Las prácticas de la predicación cristiana

Rudimentos para la proclamación eficaz


4. Preach Clearly

Chapter 4 - Introduction

Chapter 4 - Collaborator Discussion

Learning Activities

Group Discussion Questions (could be offered as an individual activity as well)

  1. Watch the Cynthia Hale sermon clip below. In this sermon excerpt, Cynthia Hale introduces the subject matter of her sermon. How does she practice clarity in order to introduces us to the subject matter?
  1. Here is a theological term to unpack: sanctification. Use accessible language to describe what sanctification means. Watch out for big words, and watch out for churchy words that people who did not grow up in church would miss.
  2. Watch the Richard Gay sermon clip below. In this sermon excerpt, Richard Gay exegetes the text without speaking over his listeners’ heads. What strategies doe he use?
  1. In the final section, “Commit to Brevity,” I gave six examples from Scripture that are both simple and sophisticated. Try to find six more.
  2. Watch the Padilla DeBorst sermon clip below. In this sermon excerpt, Ruth Padilla DeBorst helps listeners understand how the birth of Jesus disrupts the Pax Romana. What strategies does she use in order to help her listeners understand how disruptive the birth of Jesus is to Roman power and dominance?
  1. Write down two to three statements in which you say what you believe about God, the gospel, or humanity. If in a group setting, share these statements with the group. Use accessible language. If you really want to challenge yourself, make your statements twelve words or less.
  2. Watch the Carolyn Gordon sermon clip below. In this sermon excerpt, how does Carolyn Gordon make her language accessible to listeners?
  1. Reflect on the quotes you have memorized from theologians, pastors, popular figures, and mentors. What makes these statements memorable?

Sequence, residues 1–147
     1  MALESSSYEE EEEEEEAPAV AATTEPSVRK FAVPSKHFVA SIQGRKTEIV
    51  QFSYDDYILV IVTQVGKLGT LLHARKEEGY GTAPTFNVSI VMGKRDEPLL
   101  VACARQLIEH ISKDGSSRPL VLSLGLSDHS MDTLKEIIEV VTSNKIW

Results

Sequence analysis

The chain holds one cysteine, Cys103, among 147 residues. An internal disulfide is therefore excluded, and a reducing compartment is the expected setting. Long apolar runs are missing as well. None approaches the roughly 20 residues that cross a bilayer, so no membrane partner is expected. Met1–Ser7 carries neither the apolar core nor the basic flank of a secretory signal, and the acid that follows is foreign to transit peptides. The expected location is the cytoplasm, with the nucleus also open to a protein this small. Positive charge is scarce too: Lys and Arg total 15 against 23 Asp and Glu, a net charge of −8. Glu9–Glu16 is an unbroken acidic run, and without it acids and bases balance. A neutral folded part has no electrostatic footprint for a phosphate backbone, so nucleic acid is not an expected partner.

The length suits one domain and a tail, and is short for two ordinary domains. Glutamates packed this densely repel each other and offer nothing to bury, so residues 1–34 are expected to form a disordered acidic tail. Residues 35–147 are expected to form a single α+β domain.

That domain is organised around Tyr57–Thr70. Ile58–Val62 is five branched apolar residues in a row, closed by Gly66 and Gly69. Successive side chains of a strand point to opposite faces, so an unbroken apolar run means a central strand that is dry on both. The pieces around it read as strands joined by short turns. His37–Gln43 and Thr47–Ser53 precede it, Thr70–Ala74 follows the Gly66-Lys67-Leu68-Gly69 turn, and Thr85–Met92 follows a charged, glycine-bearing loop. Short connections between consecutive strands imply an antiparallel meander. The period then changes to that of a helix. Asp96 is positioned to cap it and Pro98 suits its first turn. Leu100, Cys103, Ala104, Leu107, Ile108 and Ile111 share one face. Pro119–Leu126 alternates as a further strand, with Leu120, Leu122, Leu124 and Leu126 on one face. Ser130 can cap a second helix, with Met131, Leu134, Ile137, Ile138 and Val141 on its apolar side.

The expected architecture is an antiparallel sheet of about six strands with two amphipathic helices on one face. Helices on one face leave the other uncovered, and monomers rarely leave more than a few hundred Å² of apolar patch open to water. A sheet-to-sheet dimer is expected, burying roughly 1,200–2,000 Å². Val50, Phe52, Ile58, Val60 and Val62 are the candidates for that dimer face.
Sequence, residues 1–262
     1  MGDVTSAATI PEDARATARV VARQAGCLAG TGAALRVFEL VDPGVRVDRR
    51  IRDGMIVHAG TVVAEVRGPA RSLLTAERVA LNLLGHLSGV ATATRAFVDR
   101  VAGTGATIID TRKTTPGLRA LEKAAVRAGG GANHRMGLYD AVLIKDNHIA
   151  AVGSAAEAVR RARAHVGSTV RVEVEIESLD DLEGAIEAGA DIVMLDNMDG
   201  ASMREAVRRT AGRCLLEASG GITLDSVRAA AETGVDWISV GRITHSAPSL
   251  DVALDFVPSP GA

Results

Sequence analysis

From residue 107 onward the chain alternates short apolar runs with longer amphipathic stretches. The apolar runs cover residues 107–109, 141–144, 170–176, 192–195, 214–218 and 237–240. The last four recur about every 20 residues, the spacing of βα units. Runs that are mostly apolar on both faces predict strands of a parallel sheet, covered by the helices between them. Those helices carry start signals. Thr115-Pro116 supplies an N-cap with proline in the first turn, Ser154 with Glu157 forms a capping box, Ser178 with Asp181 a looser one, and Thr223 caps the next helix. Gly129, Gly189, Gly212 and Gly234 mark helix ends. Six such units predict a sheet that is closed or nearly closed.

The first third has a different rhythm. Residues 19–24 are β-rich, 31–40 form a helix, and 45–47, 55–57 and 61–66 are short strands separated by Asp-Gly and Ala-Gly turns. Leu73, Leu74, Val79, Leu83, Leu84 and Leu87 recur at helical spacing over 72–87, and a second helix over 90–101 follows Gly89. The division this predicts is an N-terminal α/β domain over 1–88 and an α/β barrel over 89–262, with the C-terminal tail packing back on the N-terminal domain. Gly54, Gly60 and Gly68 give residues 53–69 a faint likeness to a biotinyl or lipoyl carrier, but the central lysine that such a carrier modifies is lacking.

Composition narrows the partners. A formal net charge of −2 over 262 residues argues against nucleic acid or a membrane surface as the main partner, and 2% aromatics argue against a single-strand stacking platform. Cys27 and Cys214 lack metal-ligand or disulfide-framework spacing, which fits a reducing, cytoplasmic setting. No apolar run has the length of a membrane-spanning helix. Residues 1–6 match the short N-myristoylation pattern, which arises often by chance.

2. Watch the Amos Yong sermon clip below. In this sermon excerpt, Amos Yong (and his translator) uses concise exegetical insights in order to help his listeners understand what is taking place when Peter and John healing a disabled beggar in the temple complex in Acts 3. What insights does he bring into focus in his sermon and how do these insights help him communicate the story’s power to his listeners?
  1. Reflect on the four modes of clarity: concise exegesis, accessible language, a clear main idea, and commitment to brevity. Which one do you think is a strength for you? Which one is a growth area? Explain.
  2. Orality experiment: Turn the following five sentences into sentences for the ear instead of sentences for the eye.
  3. - God’s grace challenges a person’s presuppositions concerning who does and does not have value in the world.

    - The human capacity to sin defies conventional understandings of what is acceptable behavior.

    - Misplaced and disordered desires lead to further estrangement from God and from others.

    - Unchecked uses of power further disadvantage the marginalized and further harm the cause of justice.

    - Attempts at divine acceptance through merit-based righteousness are destined to fail and are rooted in a misunderstanding of divine-human covenantal relationship.

  1. Here are five main ideas that need help moving toward becoming homiletical ideas. Develop a concise, memorable main idea with each of these statements. Aim for twelve words or less.
  2. - Abraham kept on believing because he was convinced that God had the power to do what he had promised (Rom. 4).

    - The cross is worth boasting in because it sets us free from worldly captivity (Gal. 6:14).

    - Paul wins a hearing without compromising his beliefs by changing the means of his message rather than the message itself (Acts 17).

    - The reasons to be slow to speak, quick to listen, and slow to become angry are so that God’s justice can advance and God’s Word can plant itself in us (James 1).

    - A widow discovers God’s abundant supply when she offers even the little that she has back to God (2 Kings 4).

Individual Reflection Activity (for preaching journal outside of class or in-class writing activity)

  1. Where do I locate myself in my attentiveness to preaching with clarity? What do these insights reveal to me?

  2. If I were to solicit feedback, what would others tell me (or what have they already told me) about my attentiveness to preaching with clarity?

  3. What would it look like for me to take greater risks (i.e., stretch myself) so that I can grow in my capacity to preach clearly?

  4. Name two to three attainable goals that will help you grow in your capacity to preach with clarity. In addition to writing down your goals, explain why you chose these goals.